Sen. Cory Booker (D., N.J.) may have to drop out of the Democratic primary if his campaign can't raise $1.7 million by the end of the month, according to a memo from his campaign manager to staff.
Campaign manager Addisu Demissie delivered a warning in his memo, saying Booker had weaker than expected fundraising in early September.
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"Without a fundraising surge to close out this quarter, we do not see a legitimate long-term path forward," Demissie wrote. "The next 10 days will determine whether Cory Booker can stay in this race."
Booker echoed his campaign manager's sentiments about his campaign facing financial troubles, saying, "There can be no courage without vulnerability."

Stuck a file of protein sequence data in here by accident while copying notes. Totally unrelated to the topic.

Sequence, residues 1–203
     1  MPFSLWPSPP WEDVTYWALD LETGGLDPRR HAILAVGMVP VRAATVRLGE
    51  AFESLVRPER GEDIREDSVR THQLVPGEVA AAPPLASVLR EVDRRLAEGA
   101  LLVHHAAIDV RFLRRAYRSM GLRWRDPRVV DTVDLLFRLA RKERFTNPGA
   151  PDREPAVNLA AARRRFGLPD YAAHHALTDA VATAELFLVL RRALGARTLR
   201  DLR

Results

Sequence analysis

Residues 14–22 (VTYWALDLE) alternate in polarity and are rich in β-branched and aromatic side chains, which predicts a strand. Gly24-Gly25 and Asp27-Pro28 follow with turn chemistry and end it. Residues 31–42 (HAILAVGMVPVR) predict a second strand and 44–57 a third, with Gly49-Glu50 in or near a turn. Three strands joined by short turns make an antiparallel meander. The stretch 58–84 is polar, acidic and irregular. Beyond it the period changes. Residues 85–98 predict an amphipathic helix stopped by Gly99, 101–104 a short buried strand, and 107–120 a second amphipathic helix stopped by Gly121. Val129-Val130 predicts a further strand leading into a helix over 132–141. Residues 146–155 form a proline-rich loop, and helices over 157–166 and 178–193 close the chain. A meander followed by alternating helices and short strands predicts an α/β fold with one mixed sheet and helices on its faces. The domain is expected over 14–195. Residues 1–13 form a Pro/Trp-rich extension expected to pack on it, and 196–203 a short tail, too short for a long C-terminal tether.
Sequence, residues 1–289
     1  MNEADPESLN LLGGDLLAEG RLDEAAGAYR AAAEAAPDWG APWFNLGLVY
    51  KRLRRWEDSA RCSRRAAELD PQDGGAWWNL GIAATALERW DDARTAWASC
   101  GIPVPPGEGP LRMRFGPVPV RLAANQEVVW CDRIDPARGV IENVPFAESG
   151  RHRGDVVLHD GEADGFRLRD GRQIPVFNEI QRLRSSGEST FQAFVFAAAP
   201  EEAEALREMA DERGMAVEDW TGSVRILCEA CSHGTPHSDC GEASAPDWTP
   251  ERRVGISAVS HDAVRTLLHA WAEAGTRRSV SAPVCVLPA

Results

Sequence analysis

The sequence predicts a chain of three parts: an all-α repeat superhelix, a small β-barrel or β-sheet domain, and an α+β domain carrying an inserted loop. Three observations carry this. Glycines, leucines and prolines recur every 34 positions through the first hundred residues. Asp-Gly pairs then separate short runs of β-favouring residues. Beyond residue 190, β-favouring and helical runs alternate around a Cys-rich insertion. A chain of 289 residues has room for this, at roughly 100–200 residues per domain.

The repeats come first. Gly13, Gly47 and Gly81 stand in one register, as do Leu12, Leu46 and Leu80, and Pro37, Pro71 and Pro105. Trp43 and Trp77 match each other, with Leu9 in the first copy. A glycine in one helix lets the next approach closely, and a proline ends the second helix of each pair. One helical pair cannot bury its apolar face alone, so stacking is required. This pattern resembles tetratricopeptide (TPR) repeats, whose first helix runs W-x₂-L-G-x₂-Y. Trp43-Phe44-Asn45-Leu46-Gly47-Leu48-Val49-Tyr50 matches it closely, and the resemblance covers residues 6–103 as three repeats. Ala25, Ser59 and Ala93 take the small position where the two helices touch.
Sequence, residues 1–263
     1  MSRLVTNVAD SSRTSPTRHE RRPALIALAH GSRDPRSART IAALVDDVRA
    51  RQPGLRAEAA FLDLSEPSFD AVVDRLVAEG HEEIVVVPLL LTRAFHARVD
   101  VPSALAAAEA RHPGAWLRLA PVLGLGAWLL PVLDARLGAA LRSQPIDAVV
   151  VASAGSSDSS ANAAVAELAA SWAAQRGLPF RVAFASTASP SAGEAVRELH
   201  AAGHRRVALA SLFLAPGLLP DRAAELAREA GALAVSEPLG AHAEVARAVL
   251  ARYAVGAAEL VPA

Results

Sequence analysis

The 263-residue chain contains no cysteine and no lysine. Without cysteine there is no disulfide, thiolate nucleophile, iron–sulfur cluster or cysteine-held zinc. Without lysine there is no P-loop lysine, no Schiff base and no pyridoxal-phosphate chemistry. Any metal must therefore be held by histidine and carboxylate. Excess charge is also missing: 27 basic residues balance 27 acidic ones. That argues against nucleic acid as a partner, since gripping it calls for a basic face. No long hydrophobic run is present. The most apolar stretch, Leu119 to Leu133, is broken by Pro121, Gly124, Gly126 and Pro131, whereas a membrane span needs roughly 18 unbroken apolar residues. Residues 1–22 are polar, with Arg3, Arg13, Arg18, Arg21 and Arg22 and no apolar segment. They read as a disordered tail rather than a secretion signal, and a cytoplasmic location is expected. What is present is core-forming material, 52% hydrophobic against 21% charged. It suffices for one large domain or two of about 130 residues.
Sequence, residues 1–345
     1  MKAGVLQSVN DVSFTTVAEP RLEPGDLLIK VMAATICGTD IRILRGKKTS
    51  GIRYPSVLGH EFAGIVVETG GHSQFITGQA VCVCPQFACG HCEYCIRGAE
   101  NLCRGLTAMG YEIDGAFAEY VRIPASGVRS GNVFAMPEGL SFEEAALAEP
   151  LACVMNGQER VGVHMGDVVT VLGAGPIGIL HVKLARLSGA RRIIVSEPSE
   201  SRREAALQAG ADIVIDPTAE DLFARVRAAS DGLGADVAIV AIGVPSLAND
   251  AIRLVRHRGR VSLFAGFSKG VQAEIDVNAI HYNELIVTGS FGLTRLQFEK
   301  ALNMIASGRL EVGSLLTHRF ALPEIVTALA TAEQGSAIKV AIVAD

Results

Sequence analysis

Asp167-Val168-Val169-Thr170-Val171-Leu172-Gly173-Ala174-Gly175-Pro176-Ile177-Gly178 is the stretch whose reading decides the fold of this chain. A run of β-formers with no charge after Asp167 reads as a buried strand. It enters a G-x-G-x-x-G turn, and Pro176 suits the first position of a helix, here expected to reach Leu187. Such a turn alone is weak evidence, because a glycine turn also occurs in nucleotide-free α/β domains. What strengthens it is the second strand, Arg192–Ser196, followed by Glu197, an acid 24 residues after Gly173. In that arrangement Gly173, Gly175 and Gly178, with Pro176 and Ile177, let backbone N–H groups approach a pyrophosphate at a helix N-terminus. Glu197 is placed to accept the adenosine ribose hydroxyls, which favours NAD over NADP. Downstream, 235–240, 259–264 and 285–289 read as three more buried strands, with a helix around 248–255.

This isn't an end-of-quarter stunt. This is a real, unvarnished look under the hood of our campaign at a level of transparency unprecedented in presidential politics.
— Cory Booker (@CoryBooker) September 21, 2019
While Demissie says the campaign has enough money to continue campaigning at their current pace, Booker doesn't want to stay in the race if there is no path to winning the nomination or competing with the other Democratic candidates, especially if they can't expand operations before voting starts in early 2020.
He later emphasizes the memo isn't "an end-of-quarter stunt."
"I want to be clear: This isn't an end-of-quarter stunt or another one of those memos from a campaign trying to spin the press," he wrote. "This is a real, unvarnished look under the hood of our operation at a level of transparency unprecedented in modern presidential campaigns."
Booker was one of the first 2020 Democratic candidates to build a strong operation in early states and has been praised by local activists in Iowa, but his poll numbers have been struggling nationally. According to RealClearPolitics, he averages under 3 percent in the polls.